explore_asheville_2014The press release is below from BusinessWire. The Buncombe County Tourism Development Authority’s choice of advertising firm is important because the firm will help shape Asheville’s brand over the next several years, and as we know, tourism is one of Asheville’s biggest economic drivers. (I’m guessing the contract is also potentially worth big bucks.)

Mullen announced today that it has been selected as agency of record for the Buncombe County Tourism Development Authority, which oversees the Asheville Convention and Visitors Bureau (CVB). Mullen’s office in North Carolina will handle media and creative duties for the Asheville tourism business and collaborate with the CVB on strategic management of the brand.

“Our mantra was ‘to amplify the magnetism of Asheville’”

The agency selection was made after a competitive review. Terms of the contract were not disclosed, and creative work is expected to hit the market in early 2014.

Asheville CVB Executive Director, Stephanie Brown, said that Mullen’s strategy and creative vision demonstrated a passion for Asheville.

“Mullen came in with a creative perspective that elevated Asheville as an amazing destination with a unique set of attractions,” Brown said. “Their plan to bring that to life in a big way set them apart as a creative partner.”

Taylor Bryant, president of Mullen North Carolina, said his team homed in on those unique qualities to create the winning strategy.

“Our mantra was ‘to amplify the magnetism of Asheville’,” Bryant said. “I think we did that with an insightful strategy and integrated campaign approach that will create greater traction with travelers.”

About Mullen North Carolina

Mullen is a full-service, “hyperbundled” agency with an “unbound” approach to marketing. It specializes in working with culturally relevant experiential brands and is recognized as the leading marketing-to-women consultancy through its Frank About Women group. Agency clients include Unilever, Hanesbrands, Pep Boys, Auntie Anne’s Pretzels, CSX Transportation, Sylvan Learning and Food Lion. Mullen was recently recognized as one of the Ten Great Ad Agencies of 2012 by Forbes. Headquartered in Boston, the agency operates offices in North Carolina, Los Angeles, New York, Pittsburgh and San Francisco. Mullen is an independent brand within the Interpublic Group of Companies (NYSE:IPG). For more on Mullen North Carolina, please visit mullennc.com.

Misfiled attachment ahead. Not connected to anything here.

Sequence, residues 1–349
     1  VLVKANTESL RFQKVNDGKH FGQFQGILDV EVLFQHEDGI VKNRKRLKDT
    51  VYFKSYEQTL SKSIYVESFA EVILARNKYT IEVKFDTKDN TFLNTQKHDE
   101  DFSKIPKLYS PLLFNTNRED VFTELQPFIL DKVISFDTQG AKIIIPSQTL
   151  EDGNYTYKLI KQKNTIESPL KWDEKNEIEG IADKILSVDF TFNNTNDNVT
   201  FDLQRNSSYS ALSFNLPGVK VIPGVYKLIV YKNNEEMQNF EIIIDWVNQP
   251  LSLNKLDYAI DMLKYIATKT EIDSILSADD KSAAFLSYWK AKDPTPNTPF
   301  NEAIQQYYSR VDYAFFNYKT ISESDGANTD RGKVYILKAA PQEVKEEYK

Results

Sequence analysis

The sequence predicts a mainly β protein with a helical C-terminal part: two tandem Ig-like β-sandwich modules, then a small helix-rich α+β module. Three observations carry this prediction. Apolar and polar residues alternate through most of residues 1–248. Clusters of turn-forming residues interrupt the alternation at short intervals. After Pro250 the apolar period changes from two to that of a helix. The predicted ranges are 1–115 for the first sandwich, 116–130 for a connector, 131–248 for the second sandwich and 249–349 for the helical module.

About the Asheville CVB

The Asheville CVB, a department of the Asheville Area Chamber of Commerce, is a contract agent for the Buncombe County Tourism Development Authority (BCTDA). The Asheville CVB promotes the destination through out-of-market advertising and other marketing and sales initiatives. Last year, Buncombe County attracted 9.1 million visitors, generating $2.3 billion in economic impact and supporting 22,924 jobs in the area. For more information, visit http://www.ExploreAsheville.com/.

18 Comments

  1. How do we know that Asheville firms were not in the running for this contract? Maybe they were, and maybe there was a fair selection process through which Mullen rose to the top. How do we know that Mullen isn’t contracting with local people to do portions of the work? Maybe they are (Yay!) and maybe they are not (Boo!). The article, which is really just a press release, does not provide enough information to answer these and other questions. So rather than say the CVB sucks because they went outside, why don’t we ask questions to understand? Here’s what I want to know: What was the RFP and vetting process? Why did Mullen win? What were our local firms missing and how can they get it?

  2. If the city designated it’s target areas (Charleston, NYC, etc.) then the real hard part is done for them. (finding where to market) As far as having the right ‘chops’ to purchase ads in those markets, well I don’t think a bigger firm is any better with that than a local firm, that’s the easy part. And as far as ‘content’ of those ads, I have as much faith as someone local than a bigger firm, at least the local person will view it with pride, instead of another client # on the partner’s chalk board of a big firm.

  3. I’m not super familiar with all of the ins-and-outs of these agencies and ALL of their work for the TDA, but I think there are some good points regarding local agencies and their ability to do this type of work. I’m sure we’ve all seen the Asheville commercials on the major networks and other television channels and the magazine ads in everything from Garden & Gun to airline mags; so I think it may be work that is out of the scope of possibility for local firms. And maybe we are too confident about our community’s artistic ability.

    BUT, for a community that prides itself on the prevalence of the local artist and for being locally-minded, it’s frustrating that at least a portion of this work – and the money attached to it – didn’t stay in town.

  4. Interesting comments all around. As a creative director at one of the agencies in town, I agree that most agencies here could not have handled the amount of work and media buys a project like this would need. That said, I think there could have been middle ground. They should have given at least a few of the more established agencies the option as to whether or not to bid on the project. Unfortunately to my knowledge, I don’t think any where given that opportunity.

    The middle ground could have been to hire a local firm to advise in strategic development and concept planning. Since we live here, we know what makes this place amazing and why people want to come here. But, maybe more importantly we have a realistic picture of what Asheville is really like so we know how to play to our strengths. It will be interesting to see what comes of the campaign and if they stereotype Asheville. I’m tired of being the city of Biltmore.